Fear defines a lot of this story. Cresting on a wave of gentrification that rapidly juxtaposed second- and third-generation South Philly residents with newcomers in the last decade, residents of Passyunk Square say they were scared to speak out about the Stink and about what they see as a “culture gap” or the “inherent tension” between some residents on the blocks.
PW spoke with newcomers—all sources requested to remain anonymous—who believe old-school residents use physical intimidation to send the message that they better not try to shake things up for old-timers. They say efforts to battle the Stink are misinterpreted as personal attacks on the Rotontas or, for that matter, old-school residents in general. Now, many say they’re frightened of retaliation for the raid, though ironically, all evidence points to the probability that it wasn’t even complaints filed with the city’s beauracracy that finally made something happen.
Meanwhile, Fran Rotonta says that she believes she is the target of a harassment campaign. “So yeah I had the dogs,” she admits, but “they blew it out of proportion, believe me.” But her story is a far cry from what she told PW when first contacted the day before the raid. At the time, Rotonta was adamant that she owned just four dogs and two cats. “And I make the cats go in the kitty litter,” she added.
“It’s bullshit,” she said. “I can’t take it anymore.”
But the complaints were not about the dogs, because no one knew how many were inside the house. They were about the Stink—which by all accounts was impossible to blow out of proportion.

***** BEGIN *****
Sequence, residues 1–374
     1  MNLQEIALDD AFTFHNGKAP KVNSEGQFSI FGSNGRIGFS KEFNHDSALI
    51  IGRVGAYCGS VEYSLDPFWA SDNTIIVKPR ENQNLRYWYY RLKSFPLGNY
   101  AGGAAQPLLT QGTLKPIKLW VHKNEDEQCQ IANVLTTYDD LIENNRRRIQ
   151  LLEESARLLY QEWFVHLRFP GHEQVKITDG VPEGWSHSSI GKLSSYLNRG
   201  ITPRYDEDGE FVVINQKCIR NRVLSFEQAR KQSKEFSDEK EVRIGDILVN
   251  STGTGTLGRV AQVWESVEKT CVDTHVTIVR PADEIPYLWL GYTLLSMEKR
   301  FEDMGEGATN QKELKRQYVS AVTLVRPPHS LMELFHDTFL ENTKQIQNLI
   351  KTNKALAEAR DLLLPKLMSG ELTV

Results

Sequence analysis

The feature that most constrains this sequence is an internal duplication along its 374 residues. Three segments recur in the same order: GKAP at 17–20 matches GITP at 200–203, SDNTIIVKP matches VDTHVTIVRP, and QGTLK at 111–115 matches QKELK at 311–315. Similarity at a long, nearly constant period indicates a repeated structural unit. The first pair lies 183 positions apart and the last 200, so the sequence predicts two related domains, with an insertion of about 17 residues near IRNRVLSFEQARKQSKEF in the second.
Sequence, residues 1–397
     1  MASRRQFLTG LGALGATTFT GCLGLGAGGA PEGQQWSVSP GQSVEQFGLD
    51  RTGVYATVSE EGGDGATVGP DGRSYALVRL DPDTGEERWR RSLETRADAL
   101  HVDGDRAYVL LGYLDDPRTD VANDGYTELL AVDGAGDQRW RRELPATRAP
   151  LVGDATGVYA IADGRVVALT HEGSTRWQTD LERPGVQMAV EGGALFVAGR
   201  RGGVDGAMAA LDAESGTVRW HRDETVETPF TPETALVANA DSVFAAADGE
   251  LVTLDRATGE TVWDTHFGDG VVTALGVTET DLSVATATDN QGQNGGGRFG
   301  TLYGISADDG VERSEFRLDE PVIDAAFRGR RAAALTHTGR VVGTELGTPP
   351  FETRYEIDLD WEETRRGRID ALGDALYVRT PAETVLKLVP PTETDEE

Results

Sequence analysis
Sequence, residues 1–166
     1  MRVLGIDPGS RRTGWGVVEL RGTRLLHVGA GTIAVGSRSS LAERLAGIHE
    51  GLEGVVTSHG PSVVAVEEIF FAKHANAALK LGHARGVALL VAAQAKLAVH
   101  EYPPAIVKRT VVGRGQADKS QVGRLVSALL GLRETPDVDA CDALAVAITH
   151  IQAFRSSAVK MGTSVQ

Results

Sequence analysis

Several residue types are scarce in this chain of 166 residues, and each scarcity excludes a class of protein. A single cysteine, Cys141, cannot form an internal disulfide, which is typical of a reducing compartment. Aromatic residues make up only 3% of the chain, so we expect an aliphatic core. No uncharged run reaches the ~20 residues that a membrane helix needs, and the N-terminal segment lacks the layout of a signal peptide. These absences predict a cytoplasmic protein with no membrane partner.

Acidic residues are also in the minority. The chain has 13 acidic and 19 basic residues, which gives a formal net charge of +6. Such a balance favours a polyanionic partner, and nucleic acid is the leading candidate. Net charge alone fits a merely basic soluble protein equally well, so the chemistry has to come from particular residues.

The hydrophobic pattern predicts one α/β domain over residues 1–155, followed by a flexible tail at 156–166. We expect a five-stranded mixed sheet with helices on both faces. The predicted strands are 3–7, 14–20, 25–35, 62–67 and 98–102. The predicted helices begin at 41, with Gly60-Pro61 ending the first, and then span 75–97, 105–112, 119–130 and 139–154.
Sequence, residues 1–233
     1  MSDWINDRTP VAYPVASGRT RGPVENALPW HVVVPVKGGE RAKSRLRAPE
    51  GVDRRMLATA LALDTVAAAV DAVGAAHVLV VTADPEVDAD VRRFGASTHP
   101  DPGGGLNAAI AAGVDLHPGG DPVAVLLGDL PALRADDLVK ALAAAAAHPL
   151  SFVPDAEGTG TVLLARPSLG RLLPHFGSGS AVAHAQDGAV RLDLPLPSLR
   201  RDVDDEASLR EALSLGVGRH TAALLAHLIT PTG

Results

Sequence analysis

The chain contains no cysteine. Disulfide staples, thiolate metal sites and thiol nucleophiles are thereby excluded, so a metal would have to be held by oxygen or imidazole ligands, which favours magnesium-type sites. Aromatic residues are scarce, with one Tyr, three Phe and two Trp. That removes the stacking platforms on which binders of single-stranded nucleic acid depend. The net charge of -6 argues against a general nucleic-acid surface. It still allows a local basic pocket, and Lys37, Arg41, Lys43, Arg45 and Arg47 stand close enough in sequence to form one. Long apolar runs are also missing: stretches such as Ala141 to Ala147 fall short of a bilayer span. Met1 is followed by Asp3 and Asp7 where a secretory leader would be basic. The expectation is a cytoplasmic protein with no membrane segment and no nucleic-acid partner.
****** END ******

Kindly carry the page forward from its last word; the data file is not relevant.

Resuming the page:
“If you opened your mouth you could taste it, like your face was shoved into a litter box,” said one neighbor who reluctantly kept his air conditioner on in an unsuccessful effort to block the odor from invading his home.
“I almost puked the other day just taking out my recycling,” he says.
Neighbors say the Stink was bad as far back as they remember, but it became “exponentially” worse in the last two years.
“Last summer was what kicked a lot of people into action, when Fran put some kind of exhaust in the bottom back window that would just constantly spew out the horrible stench,” a resident says.
After 85 Chihuahuas were rescued from a hoarder raid on Earp Street in South Philly Wednesday night, PSPCA vet nurse Jessie Leighton jumped in her car with 27 of the dogs and rushed them over the bridge to the South Jersey home of Anne Trinkle, founder and president of the Animal Alliance of New Jersey [...]
The total number of animals rescued last night are 85 dogs (all Chihuahuas and Chihuahua mixes), two cats and two deceased dogs. According to the PSPCA, animal cruelty charges pending include unsanitary conditions, lack of veterinary care with a potential misdemeanor charges pending cause of death for the dead dogs. All [...]
The stench surging out of the house was an ungodly combination of feces and urine, and the noises were the cries and howls of what PSPCA Director of Law Enforcement George Bengal estimates could be up to 100 animals living in squalor at 739 Earp St. in South Philadelphia tonight. The PSPCA began the raid around [...]
In exchange for the guilty plea, Rotonta received 10 years’ probation (reporting only the first year) and is not allowed to own animals or work for an organization that involves animals for 15 years. She must also submit to a mental-health evaluation and to random inspections by the PSPCA.
Election Day 2014: Tues., Nov. 4
Immigrants are not a zombie invasion
PW's Fall Guide 2014